School Holidays and a trip to Perth usually mean a trip to Ikea. Partly because it’s close to where my in-laws live, partly for the
cheap affordable home items, and mostly for an indoor playground where the kids can play while being unsupervised, by their parents that is. Yay, one hour of kid free time. We usually time it so we can buy lunch there as it is a lot cheaper than fast food alternatives and there is plenty of choice. And of course the kids can watch a movie afterwards while we figure out where to go next.
This trip I particularly took note of a sign I saw whilst in the queue. See said sign below.
How excellent, I thought, no MSG and AZO colours in the foods served at Ikea. However, I had some more questions like, “Why mention minimising the use of certain preservatives, when you haven’t minimized any, or at least not mentioned the ones you are minimizing? MSG is a flavour enhancer and AZO colours are for appearance, neither are preservatives.” Or “Ikea Food branded products, so are you talking about packaged food you sell that has the Ikea logo on it, or are you referring to food served in the Ikea Cafeteria where I’m reading this sign? Does this mean if it’s not packaged that it will have synthetic additives in it that could impact my health negatively?” Ok, so maybe a bit melodramatic, but the point is that the sign isn’t very clear, and definitely at first glance make you assume that the food contains natural ingredients and therefore that it is a good thing to eat Ikea food. Nice marketing ploy Ikea.
So after reading this sign, and purchasing my kids the Snack Pack (best value, and so much food my kids have left overs for an afternoon snack) we found a table in the crowded cafeteria. I thought I’d check out the ingredients in the kids snack pack, which I have done before, some time, a while ago, I’m sure I checked.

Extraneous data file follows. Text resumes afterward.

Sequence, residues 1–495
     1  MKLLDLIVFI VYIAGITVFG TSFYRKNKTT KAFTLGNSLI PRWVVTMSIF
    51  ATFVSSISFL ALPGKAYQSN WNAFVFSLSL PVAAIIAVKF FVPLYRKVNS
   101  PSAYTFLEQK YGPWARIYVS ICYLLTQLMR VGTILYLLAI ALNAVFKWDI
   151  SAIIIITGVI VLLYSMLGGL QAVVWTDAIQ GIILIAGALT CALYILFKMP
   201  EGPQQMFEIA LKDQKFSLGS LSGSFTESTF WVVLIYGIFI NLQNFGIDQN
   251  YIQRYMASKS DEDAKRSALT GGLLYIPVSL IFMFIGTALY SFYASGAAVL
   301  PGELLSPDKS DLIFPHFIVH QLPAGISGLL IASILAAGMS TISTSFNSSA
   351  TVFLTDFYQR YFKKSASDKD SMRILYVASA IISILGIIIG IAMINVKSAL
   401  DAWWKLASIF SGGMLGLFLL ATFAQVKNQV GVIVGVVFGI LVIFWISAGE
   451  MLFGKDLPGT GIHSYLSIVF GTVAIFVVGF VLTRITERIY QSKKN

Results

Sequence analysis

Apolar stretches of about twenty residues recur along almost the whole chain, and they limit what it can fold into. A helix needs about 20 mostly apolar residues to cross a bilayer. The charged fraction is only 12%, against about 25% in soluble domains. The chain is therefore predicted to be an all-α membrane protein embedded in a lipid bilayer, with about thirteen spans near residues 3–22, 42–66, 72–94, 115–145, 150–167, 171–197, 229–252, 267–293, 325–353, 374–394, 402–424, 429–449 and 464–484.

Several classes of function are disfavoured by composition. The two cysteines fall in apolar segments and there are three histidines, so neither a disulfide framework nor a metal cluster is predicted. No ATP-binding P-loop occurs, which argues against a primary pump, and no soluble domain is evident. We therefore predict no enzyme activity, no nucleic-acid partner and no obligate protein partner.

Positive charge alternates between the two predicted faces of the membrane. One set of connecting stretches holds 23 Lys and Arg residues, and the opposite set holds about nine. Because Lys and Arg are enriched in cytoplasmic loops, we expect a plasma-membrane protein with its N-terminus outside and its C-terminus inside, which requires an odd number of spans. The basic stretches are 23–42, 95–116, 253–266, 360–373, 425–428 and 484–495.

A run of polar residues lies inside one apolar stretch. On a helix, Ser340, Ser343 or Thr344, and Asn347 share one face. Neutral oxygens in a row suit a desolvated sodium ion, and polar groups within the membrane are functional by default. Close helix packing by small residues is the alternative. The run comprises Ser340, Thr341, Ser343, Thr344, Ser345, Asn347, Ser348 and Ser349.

The cheese in the sandwich is proper sliced cheese, nothing plastic here, and kudos to Ikea for the wholemeal bread. The yoghurt was strawberry or banana flavoured, and this mum decided not to salvage the licked lid to look at properly at home. But going by a similar product, it would have had at least 3.24 teaspoons of sugar in a 90 gram serve. Luckily the popcorn was one I was already familiar and happy with from Cool Pak.
The fruit bar had 35% fruit and 4 different types of sugar listed equating to 11.5g sugar (almost 3 teaspoons). Wow, have you seen how tiny those bars are? And although I didn’t expect to see milk solids listed as an ingredient, it was there, as were the unlisted Sulphites (probably from the coconut and sultanas). But true to advertising, no AZO dyes were used to colour the fruit bar, just a natural colouring 120 also known as Cochineal, which if you care about animals, let alone your health, you’d not eat this at all.
Uncle Toby’s Muesli bar (lunchbox friendly according to the packaging), with it’s 5.4g sugar (1.5 teaspoons via 6 separate sugar ingredients) contained one suspect ingredient additive 492, and only one to avoid, sulphites (again in the coconut).
I point out the sugar in these products because I recently saw That Sugar Film (great film by the way) and was personally challenged on how much sugar I think is OK. Not how much is the right amount to eat in a legalistic sort of way, but how much is OK for me to feed my family, for me to be OK with. I haven’t worked that out yet, but I thought by way of comparison I’d share this image below.
So if my kids ate everything in their snack pack they would have consumed at least 7.6 teaspoons of sugar for lunch, ouch! On the other hand, if we had visited the big M for a quick lunch, and given the kids our choice of nuggets/chips/ketchup/water, they would have only ended up with 2 grams of sugar for lunch, and probably additives to avoid galore! Luckily school holidays only come round once every 10 weeks!
Eating additive aware is a challenge, and more so when eating out and making decisions quickly. Whatever you do decide, I hope at least it’s a mindful choice. And that you realise what you are really eating. Don’t just believe the advertising.
Oh by the way, did I mention the snack pack even comes with a toy? At least you can preview the bags to make sure your children don’t end up with the same one!
What do you find challenging about food advertising and what would you want changed if you could?